I have my browser prompt me if I want to accept a cookie from each new site I visit. I always say no, and tell it to remember. I'm not accepting any cookies from anyone. The only exception is some search engine sites where I've wanted to set preferences (then turned cookies off again once I already had the one I wanted), and sites where I do online shopping and have to have them in order to add items into my virtual basket. (Although I normally delete all cookies after such transactions.)

And if signing in is the only alternative to cookies, I'd be more than happy to turn to that method.

Frank Romano, on the other hand, reckons that there is a simple solution to the whole issue:

Love your piece on Doubleclick and it's problems. I agree, if you don't want the cookies then don't accept them. If you can't view the sight because you didn't accept the cookie them stop your whining. Just delete your temp-internet files every couple of days. If you want to ensure that you're not being tagged install "Ad-aware". At least you can get rid of spy ware you're not aware is there. Have a great day :-)

Thanks, we will. Finally, we have Adrian Stere with some sound advice for Doubleclick haters everywhere:

Nice piece on Doubleclick. I'm glad to see them get what anyone who violates other people's privacy deserves. But, despite the tone of the previous sentence, I don't hate them. In fact, I don't really care much about their tracking business, since I block all doubleclick traffic at the firewall and browse with cookies off. And I would suggest to all
Doubleclick haters to do the same, instead of filling up your mailbag with pointless hate mail. :-)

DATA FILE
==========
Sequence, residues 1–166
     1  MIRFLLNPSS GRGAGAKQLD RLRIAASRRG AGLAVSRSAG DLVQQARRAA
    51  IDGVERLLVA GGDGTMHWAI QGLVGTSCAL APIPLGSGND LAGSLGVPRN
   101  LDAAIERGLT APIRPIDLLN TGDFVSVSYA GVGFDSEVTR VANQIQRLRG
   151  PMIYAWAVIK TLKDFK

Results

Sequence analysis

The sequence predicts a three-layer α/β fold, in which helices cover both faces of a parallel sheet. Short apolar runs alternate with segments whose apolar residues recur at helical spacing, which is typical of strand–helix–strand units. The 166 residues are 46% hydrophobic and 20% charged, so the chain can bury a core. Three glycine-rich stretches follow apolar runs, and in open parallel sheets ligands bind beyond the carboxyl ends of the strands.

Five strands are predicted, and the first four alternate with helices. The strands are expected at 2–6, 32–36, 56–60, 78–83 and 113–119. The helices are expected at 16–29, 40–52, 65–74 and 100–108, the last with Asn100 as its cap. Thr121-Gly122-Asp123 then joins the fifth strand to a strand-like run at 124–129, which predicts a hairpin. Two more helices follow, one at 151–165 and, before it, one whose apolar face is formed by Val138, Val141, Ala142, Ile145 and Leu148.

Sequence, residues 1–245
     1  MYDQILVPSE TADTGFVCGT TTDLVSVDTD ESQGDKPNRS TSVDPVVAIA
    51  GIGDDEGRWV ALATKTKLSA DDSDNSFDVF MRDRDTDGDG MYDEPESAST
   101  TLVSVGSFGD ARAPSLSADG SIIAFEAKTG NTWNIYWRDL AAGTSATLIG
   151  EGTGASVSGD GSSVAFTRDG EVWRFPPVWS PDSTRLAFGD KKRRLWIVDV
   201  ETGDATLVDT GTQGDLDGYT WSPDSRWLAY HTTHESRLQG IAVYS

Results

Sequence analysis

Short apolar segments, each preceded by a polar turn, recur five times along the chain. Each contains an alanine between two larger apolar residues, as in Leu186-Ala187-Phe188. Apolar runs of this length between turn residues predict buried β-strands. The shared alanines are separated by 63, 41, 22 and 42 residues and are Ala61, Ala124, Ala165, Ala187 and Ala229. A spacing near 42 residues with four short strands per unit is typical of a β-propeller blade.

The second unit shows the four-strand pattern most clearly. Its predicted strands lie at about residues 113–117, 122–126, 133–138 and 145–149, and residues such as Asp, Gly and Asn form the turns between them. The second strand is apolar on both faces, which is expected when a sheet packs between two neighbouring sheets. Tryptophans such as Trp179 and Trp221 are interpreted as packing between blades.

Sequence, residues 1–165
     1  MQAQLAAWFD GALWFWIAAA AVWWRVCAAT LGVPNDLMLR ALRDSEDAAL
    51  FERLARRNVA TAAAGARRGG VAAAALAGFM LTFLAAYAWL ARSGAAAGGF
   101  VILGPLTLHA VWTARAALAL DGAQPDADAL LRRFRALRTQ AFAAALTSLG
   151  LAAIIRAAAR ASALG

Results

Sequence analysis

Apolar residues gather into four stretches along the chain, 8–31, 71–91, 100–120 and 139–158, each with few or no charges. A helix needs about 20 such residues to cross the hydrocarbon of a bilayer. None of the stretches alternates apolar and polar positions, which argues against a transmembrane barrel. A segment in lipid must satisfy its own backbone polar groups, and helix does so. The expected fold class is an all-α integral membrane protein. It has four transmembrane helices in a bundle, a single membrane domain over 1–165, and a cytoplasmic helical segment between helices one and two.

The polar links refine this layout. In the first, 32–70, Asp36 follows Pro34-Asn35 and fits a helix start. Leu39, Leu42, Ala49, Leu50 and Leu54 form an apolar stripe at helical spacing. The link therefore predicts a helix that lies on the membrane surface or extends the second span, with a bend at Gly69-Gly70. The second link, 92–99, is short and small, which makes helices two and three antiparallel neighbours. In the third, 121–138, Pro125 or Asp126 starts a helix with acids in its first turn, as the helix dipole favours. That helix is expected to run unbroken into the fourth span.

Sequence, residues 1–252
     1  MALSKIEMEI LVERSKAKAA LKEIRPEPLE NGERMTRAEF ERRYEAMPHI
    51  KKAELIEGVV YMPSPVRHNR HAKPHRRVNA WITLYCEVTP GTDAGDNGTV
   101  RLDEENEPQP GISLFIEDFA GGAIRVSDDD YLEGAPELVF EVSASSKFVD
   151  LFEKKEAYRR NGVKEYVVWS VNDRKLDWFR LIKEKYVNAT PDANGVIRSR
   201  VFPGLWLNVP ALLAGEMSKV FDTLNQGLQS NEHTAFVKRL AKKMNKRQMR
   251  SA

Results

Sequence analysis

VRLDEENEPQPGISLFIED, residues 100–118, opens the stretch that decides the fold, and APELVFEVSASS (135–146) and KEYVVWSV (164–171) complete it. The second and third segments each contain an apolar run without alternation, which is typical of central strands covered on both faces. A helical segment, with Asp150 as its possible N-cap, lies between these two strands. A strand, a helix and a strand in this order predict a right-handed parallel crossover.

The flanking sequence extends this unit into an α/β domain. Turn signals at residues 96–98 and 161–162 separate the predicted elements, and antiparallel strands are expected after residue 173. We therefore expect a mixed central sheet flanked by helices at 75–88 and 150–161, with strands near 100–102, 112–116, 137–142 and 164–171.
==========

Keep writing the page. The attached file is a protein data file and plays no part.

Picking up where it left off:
Reducing security risks from open source software

More from The Register

next story
Motorist 'thought car had caught fire' as Adele track came on stereo
'FIRE' caption on dashboard prompts dunderheaded hard shoulder halt
Delaware pair nabbed for getting saucy atop Mexican eatery
Burrito meets soft taco in alleged rooftop romp outrage
Japanese artist cuffed for disseminating 3D ladyparts files
Printable genitalia fall foul of 'obscene material' laws
Carlos: Slim your working week to just three days of toil
'Midas World' vision suggests you retire later, watch more tellie and buy more stuff
Brit Rockall adventurer poised to quit islet
Occupation records broken, champagne corks popped
Accused! Yahoo! exec! SUES! her! accuser!, says! sex! harassment! never! happened!
Allegations were for 'financial gain', countersuit claims
Yahoo! Japan! launches! service! for! the! dead!
If you're reading this email, I am no longer alive
Plucky Rockall podule man back on (proper) dry land
Bold, barmy Brit adventurer Nick Hancock escapes North Atlantic islet
prev story

Whitepapers

Designing a Defense for Mobile Applications
Learn about the various considerations for defending mobile applications - from the application architecture itself to the myriad testing technologies.
How modern custom applications can spur business growth
Learn how to create, deploy and manage custom applications without consuming or expanding the need for scarce, expensive IT resources.
Reducing security risks from open source software
Follow a few strategies and your organization can gain the full benefits of open source and the cloud without compromising the security of your applications.
Boost IT visibility and business value
How building a great service catalog relieves pressure points and demonstrates the value of IT service management.
Consolidation: the foundation for IT and business transformation
In this whitepaper learn how effective consolidation of IT and business resources can enable multiple, meaningful business benefits.